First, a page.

Has been a juicy range of thought provoking stuff this month.
Lee Kuan Yew: The Grand Master Speaks
Lee Kuan Yew led Singapore for 31 years, during which time it went from being a third world country to a first world country. He is seemingly the most respected and smartest statesman alive. This book, arranged out of interviews with him, addresses his thoughts on the issues facing the modern world and its future: the US, China, US-China relations, India, Fundamentalist Islam, Globalisation, etc. Lots of exceptionally sharp insight, very highly recommended if you are interested in what is going on in the world.
23 Things They Don’t Tell You About Capitalism – Ha Joon Chang
Some pretty interesting stuff. Most striking was the claim that the internet has changed the world less than the washing machine. The washing machine freed up masses of work hours, allowed women to enter the workforce, and eliminated an entire class of domestic servants, whereas the internet is just a different delivery mechanism for many of the same things. Also, there is no such thing as a free market; rather, we accept the legitimacy of certain regulations so totally that we don’t see them. And also, wages in rich countries are determined more by immigration control than anything else – obvious when pointed out, but not obvious until then.
The Driver – Mandasue Heller
Hard to explain how I came to read this. British crime thriller set on a council estate among unemployed stoners. Easy to read but pretty empty, like bad TV or a bad movie, though with some reasonably astute character observation.
Quintessence – David Walton
Whimsical SF/F set in an alternate Elizabethan age. The Protestant Reformation is about to happen, and a ship returns from the Western edge of a flat Earth, with reports of a wondrous island. Very inventive creatures, lots of fun, light entertainment.
Cypherpunks: Freedom and the Future of the Internet – Julian Assange, Jacob Applebaum, Andy Muller-Maguhn, Jeremie Zimmerman
Highly relevant punchy call to arms dealing with online surveillance, privacy, freedom, and infrastructure; a conversation between Assange and some fairly clued up hackers. One notable quote, in light of the GCSB bill:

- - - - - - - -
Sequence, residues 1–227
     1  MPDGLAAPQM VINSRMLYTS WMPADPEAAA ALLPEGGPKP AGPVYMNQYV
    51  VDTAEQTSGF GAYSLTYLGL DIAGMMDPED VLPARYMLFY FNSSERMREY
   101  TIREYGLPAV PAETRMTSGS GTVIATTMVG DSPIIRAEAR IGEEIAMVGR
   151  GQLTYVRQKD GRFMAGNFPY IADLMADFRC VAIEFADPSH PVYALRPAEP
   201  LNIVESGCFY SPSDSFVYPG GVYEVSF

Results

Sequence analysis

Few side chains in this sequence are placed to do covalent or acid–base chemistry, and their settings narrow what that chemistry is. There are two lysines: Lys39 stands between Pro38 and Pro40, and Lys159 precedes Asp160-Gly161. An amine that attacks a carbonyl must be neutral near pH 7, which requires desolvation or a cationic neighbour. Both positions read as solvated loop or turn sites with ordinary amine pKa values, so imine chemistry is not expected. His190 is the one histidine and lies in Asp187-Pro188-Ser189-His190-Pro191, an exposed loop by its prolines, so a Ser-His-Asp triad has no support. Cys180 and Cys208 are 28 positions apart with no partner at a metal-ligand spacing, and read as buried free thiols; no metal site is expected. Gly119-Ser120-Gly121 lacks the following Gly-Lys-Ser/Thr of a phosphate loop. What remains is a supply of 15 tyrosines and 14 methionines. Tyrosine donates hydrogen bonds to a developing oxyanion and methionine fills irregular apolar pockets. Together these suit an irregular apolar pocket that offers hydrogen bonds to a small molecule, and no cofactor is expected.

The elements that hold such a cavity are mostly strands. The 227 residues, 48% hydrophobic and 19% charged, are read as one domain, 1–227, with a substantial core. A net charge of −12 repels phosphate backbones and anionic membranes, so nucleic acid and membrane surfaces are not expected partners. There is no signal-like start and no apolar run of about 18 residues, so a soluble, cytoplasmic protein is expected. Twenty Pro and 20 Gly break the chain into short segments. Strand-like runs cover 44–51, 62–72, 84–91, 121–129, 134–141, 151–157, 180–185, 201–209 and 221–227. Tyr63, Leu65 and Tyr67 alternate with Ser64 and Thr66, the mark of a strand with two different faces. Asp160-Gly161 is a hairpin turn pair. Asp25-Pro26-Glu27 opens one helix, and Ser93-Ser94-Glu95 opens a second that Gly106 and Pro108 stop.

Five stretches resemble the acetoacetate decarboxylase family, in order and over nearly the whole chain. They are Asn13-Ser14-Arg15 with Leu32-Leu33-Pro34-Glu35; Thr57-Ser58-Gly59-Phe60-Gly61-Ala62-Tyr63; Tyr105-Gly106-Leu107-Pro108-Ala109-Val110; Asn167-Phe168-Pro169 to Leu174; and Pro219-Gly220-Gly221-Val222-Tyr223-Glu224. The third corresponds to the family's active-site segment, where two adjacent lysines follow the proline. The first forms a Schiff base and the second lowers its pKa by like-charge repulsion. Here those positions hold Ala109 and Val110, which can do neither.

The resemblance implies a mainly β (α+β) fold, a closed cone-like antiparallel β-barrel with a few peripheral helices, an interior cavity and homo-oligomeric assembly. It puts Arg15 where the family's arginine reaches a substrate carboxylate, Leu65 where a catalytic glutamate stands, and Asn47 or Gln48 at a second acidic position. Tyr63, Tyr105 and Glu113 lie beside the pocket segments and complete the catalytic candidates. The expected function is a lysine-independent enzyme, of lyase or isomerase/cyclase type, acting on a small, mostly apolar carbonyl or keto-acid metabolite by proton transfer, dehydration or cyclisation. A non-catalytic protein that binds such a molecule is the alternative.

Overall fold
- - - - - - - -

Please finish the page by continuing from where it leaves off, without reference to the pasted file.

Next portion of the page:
Intercepting all metadata means you have to build a system that physically intercepts all data and then throws everything but the metadata away. But such a system cannot be trusted. There’s no way to determine whether it is in fact intercepting and storing all data without having highly skilled engineers with authorization to go in and check out precisely what is going on, and there’s no political will to grant access.
Gets pretty techy but still lots for the casual interested reader.
Sex at Dawn: the Prehistoric Origins of Modern Sexuality – Christopher Ryan and Cacilda Jetha
Highly entertaining, delivers some well-needed shit-kicking-out-of to evolutionary psychology. Essential thesis is that agriculture changed everything, and that for the millions of years before that, humanity more likely lived in egalitarian hunter gatherer bands who would have shared everything, including sex, such that most adults would have had multiple sexual relationships at any one time.
The Resurrectionist – E B Hudspeth
What an odd book. A brief faux-biography of a turn of the century doctor with some weird theories, combined with a reprint of his purported masterwork, extensive anatomical (skeletons, muscles, etc) cross sections of mythical creatures.
currently on: Stealing Fire From The Gods – James Bonnet. Which is one of those sort of “here is the archetypal secret underlying storytelling books”. Interesting so far.
Still looking to get back to The God Problem.